The metabolic field transition identified by REIMS (Fig. 4B) was only observed for primary tumors and not metastases. We therefore analyzed tissue obtained from liver samples containing colonic adenocarcinoma metastasis. Samples were surgically excised and immediately subjected to REIMS analysis using a monopolar electrocautery handpiece. Parallel sampling lines 1 to 2 mm apart were taken using a continuous burn, which started in the healthy region and continued through the center of the cancer, stopping for 1 s on the macroscopic border of healthy and cancerous tissue (Fig. 5A). All spectra obtained were matched and classified with a hematoxylin and eosin (H&E)–stained histopathological section (Fig. 5C). The spectra obtained from benign and malignant tissues are shown in Fig. 5B. By analyzing these data using the PCA-LDA model for healthy liver parenchyma and colonic adenocarcinoma metastasis, it was possible to project their spectral identity onto the 3D PCA model (Fig. 5D) for the prediction of histological class. This technique correctly identified 73 sampling points, with two false-negative and one false-positive results.

Fig. 5 Histologically assigned data acquisition.

(A) Human liver with colon cancer metastasis. (B) Spectrum of healthy liver parenchyma obtained more than 1 cm from the tumor border and cancerous tissue obtained from the center of the tumor. (C) H&E-stained image of the tissue region marked by a red box in (A). Scale bar, 2 mm. (D) 3D PCA plot of healthy liver parenchyma and colon metastasis spectra. The 12 red dots indicate the location of the 12 marked spectra in (A). Location 5 was identified as outlier.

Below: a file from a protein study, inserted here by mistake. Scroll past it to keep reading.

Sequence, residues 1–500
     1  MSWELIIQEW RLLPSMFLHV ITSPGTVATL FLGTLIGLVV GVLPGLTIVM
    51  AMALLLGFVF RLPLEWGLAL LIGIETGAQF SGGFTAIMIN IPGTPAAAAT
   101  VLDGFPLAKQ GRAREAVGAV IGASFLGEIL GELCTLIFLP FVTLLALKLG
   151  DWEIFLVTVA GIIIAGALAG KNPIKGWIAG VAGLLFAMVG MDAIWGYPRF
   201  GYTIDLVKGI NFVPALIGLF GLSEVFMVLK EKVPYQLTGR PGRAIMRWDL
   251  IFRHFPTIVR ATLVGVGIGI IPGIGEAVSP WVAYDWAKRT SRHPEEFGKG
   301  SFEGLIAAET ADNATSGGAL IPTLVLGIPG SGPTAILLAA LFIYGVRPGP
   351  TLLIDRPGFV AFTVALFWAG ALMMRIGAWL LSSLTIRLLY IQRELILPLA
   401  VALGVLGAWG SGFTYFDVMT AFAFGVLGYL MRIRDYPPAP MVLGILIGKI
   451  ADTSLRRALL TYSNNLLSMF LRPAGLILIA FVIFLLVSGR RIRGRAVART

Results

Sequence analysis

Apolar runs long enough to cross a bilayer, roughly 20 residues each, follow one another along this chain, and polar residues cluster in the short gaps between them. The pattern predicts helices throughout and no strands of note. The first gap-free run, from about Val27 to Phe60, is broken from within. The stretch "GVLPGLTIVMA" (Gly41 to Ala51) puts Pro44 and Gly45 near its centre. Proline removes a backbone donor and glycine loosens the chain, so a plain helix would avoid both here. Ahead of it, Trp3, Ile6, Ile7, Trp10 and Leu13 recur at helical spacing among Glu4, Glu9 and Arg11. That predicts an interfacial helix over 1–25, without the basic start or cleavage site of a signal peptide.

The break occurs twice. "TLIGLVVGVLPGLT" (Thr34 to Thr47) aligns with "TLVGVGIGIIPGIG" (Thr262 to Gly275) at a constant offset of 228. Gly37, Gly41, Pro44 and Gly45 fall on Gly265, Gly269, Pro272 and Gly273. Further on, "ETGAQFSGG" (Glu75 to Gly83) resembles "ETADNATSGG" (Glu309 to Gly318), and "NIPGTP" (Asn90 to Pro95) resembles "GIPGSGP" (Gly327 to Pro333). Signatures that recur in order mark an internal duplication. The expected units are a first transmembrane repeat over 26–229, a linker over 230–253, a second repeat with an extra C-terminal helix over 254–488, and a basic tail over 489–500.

All spectral databases were constructed using ex vivo tissue (with the exception of healthy brain tissue). However, the device is designed for both in vivo and ex vivo use. To assess the quality of the in vivo data acquisition, multivariate models were constructed to compare in vivo and ex vivo data sets. No separation of in vivo and ex vivo spectra could be observed (fig. S2), suggesting that the in vivo modeling is robust and representative. Leave-one-patient-out cross-validation resulted in 0% false-negative and 9.1% false-positive rates in separating healthy tissue from cancerous tissue.

Intraoperative analysis of tumor specimens in vivo

A tissue identification platform constituting the spectral database and the PCA-LDA–based algorithm was tested during surgical interventions in the operating theater. Results of the real-time intraoperative interpretation of the spectral data are summarized in Table 2. A total of 864 spectra were acquired from 81 patients and identified in all cases—that is, the spectra confirmed the result of postoperative histopathology. A sensitivity of 97.7% and a specificity of 96.5% were reached for binary classifications (cancer/healthy) of all cases. There was a low rate of both false-positive (3.5%) and false-negative (2.3%) results (Table 1). However, subclass analysis suggested that the predictive capacity of the model was less strong for primary liver and malignant lung tumors, which had a decreased specificity (<95%) and a false-positive rate of 6 to 8%. All percentages were determined by leave-one-patient-out cross-validation of the relevant data set.

Table 2